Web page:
^Jerkert 2010, p. 121: "The concept of enharmonicity arises from the fact that certain tone pairs seem to refer to almost identical pitches . For example, from a given C we... will find that the pitches of C♯ and D♭ are close to each other (exactly how close will depend on the methods we allow for finding them). C♯ and D♭ are obviously not identical, but they are close enough to be treated as identical in certain musical settings. Therefore, they are enharmonically equivalent. An enharmonic instrument is an instrument where multiple ways of producing enharmonically equivalent tones are available. For example, an enharmonic keyboard could have separate keys for C♯ and D♭, as well as for each tone in other enharmonic pairs such as D♯/E♭, F♯/G♭, G♯/A♭ and A♯/B♭. An enharmonic keyboard is thus guaranteed to have more than 12 keys per octave"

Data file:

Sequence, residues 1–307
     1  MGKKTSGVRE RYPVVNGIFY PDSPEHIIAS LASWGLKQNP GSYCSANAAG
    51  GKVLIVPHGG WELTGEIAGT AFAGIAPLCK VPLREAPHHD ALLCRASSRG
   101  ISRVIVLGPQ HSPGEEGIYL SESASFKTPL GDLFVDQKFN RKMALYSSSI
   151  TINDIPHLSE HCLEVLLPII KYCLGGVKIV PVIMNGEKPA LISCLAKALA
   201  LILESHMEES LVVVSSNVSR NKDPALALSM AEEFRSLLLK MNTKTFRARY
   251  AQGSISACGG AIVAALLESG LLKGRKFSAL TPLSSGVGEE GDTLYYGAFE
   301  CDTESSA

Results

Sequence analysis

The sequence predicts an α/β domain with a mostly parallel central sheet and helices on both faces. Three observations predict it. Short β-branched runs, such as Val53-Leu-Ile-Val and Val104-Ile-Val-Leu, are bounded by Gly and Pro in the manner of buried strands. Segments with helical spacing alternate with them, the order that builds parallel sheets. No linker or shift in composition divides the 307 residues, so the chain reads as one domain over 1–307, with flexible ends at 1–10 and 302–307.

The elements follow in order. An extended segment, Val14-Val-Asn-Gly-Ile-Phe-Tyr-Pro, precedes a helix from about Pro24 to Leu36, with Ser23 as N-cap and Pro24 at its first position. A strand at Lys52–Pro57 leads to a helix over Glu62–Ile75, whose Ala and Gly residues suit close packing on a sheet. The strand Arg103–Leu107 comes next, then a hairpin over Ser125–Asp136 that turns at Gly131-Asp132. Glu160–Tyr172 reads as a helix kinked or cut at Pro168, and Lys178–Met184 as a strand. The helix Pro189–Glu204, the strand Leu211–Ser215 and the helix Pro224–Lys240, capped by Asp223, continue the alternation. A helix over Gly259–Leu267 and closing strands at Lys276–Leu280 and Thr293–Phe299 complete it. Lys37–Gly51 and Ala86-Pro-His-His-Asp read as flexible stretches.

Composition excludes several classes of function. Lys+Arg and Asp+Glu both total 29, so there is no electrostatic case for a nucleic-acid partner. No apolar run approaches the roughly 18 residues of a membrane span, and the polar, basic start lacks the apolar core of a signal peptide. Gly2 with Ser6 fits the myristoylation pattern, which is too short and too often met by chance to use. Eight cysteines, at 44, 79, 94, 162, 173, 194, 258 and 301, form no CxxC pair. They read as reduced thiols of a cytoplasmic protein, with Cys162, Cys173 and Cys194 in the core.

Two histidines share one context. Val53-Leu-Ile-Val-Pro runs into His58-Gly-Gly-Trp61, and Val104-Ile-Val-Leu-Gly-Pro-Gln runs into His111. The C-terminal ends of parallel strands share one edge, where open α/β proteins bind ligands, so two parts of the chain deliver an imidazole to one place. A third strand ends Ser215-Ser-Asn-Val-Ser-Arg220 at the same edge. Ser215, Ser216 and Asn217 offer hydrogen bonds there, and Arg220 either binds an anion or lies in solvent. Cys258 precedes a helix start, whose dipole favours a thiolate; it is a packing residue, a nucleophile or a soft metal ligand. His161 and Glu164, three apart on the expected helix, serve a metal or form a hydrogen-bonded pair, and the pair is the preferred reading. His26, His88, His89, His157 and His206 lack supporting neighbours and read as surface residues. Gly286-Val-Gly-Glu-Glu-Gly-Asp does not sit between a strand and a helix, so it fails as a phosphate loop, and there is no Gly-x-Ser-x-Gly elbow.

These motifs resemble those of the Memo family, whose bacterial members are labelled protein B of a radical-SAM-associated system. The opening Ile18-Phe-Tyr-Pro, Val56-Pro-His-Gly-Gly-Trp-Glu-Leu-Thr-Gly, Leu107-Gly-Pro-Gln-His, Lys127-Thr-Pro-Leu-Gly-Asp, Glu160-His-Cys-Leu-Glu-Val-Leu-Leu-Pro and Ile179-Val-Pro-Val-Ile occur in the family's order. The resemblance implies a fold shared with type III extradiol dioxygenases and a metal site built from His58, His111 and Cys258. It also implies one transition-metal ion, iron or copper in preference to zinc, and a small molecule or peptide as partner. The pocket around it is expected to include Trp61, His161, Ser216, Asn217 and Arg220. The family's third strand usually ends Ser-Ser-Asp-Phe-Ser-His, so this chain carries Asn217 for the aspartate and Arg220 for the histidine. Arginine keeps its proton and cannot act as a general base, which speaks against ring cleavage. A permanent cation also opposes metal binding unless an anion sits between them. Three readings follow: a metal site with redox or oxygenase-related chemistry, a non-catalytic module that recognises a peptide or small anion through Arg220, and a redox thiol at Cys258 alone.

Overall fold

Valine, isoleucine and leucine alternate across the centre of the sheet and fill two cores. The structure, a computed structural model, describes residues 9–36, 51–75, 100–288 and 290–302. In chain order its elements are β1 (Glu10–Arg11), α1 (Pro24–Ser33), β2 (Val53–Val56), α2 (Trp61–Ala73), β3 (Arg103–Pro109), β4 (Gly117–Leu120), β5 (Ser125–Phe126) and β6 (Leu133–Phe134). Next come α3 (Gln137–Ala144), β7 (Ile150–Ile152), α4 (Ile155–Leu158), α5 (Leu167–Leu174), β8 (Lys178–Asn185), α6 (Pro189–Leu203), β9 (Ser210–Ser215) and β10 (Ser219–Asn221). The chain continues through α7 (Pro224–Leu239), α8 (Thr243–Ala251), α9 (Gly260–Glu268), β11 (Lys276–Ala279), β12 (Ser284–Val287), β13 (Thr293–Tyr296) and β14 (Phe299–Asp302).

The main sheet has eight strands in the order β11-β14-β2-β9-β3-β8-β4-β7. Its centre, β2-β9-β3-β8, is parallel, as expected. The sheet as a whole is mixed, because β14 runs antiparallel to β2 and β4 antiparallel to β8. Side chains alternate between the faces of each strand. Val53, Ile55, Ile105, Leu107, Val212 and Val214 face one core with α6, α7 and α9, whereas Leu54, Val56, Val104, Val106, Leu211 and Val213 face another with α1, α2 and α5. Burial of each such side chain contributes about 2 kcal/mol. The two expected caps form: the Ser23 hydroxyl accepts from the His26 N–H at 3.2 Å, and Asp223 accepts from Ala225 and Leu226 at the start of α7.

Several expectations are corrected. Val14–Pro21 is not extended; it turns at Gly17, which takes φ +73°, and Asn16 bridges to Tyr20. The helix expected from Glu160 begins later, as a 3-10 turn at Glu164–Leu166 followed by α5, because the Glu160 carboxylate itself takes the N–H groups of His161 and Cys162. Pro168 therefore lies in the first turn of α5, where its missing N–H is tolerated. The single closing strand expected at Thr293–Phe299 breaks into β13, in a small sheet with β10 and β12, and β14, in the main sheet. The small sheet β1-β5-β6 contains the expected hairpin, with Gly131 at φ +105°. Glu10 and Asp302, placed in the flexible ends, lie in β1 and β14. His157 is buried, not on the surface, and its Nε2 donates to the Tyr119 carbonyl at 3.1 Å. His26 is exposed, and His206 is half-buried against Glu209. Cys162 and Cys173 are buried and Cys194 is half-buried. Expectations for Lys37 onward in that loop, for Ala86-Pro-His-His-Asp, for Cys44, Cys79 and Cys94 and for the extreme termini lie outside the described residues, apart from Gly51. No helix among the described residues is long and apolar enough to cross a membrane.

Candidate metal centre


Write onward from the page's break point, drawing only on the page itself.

^Rasch 2009, p. 61: "Enharmonic instruments should be understood as musical instruments presenting a number of pitches per octave that significantly surpasses the twelve notes of the standard western tuning systems (equal temperament, meantone tuning or whatever). This begins with harpsichords or organs with a few split upper keys, goes to keyboards with 17, 19, 31 or 43 notes per octave and ends with theoretical systems and ideas for instruments (less often the instruments themselves) up to far over 100 pitches per octave"
^Jerkert 2010, p. 121: "Note, however, that the extra keys need not be found among the sharps and flats. On p. 20 in Barbieri's book, for example, an organ from the end of the 1400s is depicted with no extra black keys but with two E keys, one suitable for use in an E major chord, and another better fitted as the third in a C major chord"